Regular use of cannabis appears to dramatically increase the heart-attack risk of young adults, states a new study published in the Canadian Medical Association Journal.
The peer-reviewed study used survey data on health risks and chronic health conditions from the U.S. Centers for Disease Control and Prevention, zeroing in on cannabis use in people between 18 and 44 years of age.
Myocardial infarction, or heart attack, was “more frequent among recent cannabis users relative to non-users,” the research found, leading to the conclusion that using cannabis more than four times per month raised the risk of heart attack in young adults.
“The magnitude of this association increased among more frequent users of cannabis,” the study added.
Part of this increased risk could be attributable to cannabis products becoming stronger in recent years, CNN points out in a recent report, with new cannabis strains producing “dramatic increases in THC [tetrahydrocannabinol] content.”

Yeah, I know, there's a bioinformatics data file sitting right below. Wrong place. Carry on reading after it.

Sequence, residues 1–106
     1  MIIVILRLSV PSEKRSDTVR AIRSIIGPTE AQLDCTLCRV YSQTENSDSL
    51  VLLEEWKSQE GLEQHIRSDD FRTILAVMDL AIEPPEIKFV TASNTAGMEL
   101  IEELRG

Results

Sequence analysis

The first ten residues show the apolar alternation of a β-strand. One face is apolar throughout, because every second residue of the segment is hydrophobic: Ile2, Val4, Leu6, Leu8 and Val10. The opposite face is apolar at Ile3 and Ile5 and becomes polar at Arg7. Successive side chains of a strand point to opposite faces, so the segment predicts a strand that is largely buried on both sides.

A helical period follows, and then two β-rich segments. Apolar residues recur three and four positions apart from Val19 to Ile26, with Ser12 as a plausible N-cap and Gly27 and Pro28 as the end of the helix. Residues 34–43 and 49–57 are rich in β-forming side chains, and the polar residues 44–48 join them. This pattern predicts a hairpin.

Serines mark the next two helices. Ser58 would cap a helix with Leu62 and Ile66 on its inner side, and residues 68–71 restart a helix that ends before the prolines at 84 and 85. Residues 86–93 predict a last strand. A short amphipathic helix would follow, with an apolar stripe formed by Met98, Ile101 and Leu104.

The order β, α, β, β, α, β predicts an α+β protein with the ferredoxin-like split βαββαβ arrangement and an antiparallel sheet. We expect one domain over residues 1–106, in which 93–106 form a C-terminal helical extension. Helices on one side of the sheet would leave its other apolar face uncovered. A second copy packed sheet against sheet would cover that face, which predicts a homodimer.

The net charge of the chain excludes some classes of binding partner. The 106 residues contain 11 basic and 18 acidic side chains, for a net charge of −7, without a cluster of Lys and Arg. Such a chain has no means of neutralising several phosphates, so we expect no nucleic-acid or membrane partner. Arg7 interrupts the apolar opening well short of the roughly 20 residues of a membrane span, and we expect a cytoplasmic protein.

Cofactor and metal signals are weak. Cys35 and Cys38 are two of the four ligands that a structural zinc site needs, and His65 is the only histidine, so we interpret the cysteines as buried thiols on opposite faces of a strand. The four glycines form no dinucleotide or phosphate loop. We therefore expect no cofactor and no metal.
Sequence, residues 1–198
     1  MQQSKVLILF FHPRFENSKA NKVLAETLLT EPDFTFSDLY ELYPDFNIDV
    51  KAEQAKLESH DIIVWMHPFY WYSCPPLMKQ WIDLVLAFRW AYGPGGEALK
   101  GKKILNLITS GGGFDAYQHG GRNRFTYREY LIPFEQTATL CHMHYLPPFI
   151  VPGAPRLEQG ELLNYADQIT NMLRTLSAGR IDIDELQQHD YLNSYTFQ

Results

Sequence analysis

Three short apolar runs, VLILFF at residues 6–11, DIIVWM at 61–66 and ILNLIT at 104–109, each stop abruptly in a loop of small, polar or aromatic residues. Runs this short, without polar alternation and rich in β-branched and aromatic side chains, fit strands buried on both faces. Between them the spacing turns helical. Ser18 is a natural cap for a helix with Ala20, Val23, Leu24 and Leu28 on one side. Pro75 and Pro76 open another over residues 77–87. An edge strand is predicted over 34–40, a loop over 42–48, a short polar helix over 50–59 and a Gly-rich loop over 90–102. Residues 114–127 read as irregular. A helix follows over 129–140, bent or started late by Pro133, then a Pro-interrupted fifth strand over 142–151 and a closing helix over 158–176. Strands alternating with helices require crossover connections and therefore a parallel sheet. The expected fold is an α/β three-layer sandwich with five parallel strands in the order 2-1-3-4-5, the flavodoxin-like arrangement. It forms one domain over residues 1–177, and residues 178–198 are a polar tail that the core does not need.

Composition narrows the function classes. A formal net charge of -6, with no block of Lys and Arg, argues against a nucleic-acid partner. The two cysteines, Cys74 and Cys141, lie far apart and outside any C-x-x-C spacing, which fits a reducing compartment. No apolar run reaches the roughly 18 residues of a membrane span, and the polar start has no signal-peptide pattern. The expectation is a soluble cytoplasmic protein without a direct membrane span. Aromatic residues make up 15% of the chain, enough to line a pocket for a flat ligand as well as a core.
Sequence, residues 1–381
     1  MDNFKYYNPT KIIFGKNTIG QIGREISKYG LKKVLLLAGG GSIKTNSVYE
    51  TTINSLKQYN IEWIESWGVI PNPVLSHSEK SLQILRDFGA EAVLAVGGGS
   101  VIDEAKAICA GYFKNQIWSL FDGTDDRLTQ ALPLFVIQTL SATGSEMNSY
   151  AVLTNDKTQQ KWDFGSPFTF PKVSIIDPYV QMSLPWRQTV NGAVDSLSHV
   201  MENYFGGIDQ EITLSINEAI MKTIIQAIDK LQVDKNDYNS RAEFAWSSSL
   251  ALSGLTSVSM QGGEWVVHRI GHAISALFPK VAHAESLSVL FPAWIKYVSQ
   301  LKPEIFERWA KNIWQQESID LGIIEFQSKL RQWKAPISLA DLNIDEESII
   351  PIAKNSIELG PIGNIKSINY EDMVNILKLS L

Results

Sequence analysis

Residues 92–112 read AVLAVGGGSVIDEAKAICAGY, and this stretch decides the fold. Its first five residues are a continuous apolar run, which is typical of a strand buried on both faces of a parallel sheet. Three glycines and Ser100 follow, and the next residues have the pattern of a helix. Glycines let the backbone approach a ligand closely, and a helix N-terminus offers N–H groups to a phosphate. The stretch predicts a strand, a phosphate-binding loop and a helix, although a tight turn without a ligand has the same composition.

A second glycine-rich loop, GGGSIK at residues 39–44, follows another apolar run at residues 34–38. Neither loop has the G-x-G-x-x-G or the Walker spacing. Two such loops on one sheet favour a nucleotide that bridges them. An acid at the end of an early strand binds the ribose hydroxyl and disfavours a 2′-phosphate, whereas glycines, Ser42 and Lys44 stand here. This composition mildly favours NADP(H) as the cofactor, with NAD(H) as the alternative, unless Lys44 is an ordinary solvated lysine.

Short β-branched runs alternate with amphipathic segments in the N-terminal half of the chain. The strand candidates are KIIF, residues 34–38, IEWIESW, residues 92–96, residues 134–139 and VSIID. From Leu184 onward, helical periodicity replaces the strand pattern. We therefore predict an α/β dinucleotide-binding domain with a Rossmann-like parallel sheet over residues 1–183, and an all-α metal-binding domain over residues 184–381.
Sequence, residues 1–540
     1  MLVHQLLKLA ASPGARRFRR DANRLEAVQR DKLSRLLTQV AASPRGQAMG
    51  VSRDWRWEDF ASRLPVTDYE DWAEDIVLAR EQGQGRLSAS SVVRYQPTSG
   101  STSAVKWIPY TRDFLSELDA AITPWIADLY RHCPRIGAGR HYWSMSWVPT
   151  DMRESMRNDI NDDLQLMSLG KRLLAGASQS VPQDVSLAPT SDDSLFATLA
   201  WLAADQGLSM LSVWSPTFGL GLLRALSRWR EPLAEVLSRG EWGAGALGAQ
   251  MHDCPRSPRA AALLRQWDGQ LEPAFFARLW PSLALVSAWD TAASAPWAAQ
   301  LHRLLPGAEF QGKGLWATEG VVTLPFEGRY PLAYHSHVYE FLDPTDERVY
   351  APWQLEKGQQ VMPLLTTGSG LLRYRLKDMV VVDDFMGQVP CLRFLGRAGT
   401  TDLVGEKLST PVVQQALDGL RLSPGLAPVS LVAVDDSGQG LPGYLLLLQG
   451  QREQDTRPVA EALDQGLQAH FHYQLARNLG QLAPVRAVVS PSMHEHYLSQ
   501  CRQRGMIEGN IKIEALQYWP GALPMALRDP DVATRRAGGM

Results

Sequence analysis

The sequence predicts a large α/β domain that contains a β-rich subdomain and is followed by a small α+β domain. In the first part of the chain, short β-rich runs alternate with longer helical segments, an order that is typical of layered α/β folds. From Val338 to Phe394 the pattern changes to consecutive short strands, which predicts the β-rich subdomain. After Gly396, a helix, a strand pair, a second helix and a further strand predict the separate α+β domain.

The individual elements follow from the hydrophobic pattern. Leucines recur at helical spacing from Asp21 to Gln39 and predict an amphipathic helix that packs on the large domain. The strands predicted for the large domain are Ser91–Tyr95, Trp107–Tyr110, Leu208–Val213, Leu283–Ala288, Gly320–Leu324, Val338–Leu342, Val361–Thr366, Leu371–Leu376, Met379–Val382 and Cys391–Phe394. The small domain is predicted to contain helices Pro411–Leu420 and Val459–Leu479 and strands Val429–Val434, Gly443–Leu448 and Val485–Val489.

The research for the Canadian Medical Association Journal study used data from more than 33,000 people, 4,610 of whom reported recent cannabis use. Young adults regularly using cannabis had almost twice as many heart attacks as people in the same cohort who didn’t.
The study’s lead author, Dr. Karim Ladha of St. Michael’s Hospital in Toronto, told CNN that cannabis ratchets up the heart’s need for oxygen while at the same time restricting the amount it receives.
“What you end up having,” he said, “is this mismatch of oxygen supply and demand which fundamentally leads to heart attacks.”
The study pointed out that cannabis’ impact on human health remains “poorly understood” and called for more research.
— Douglas Perry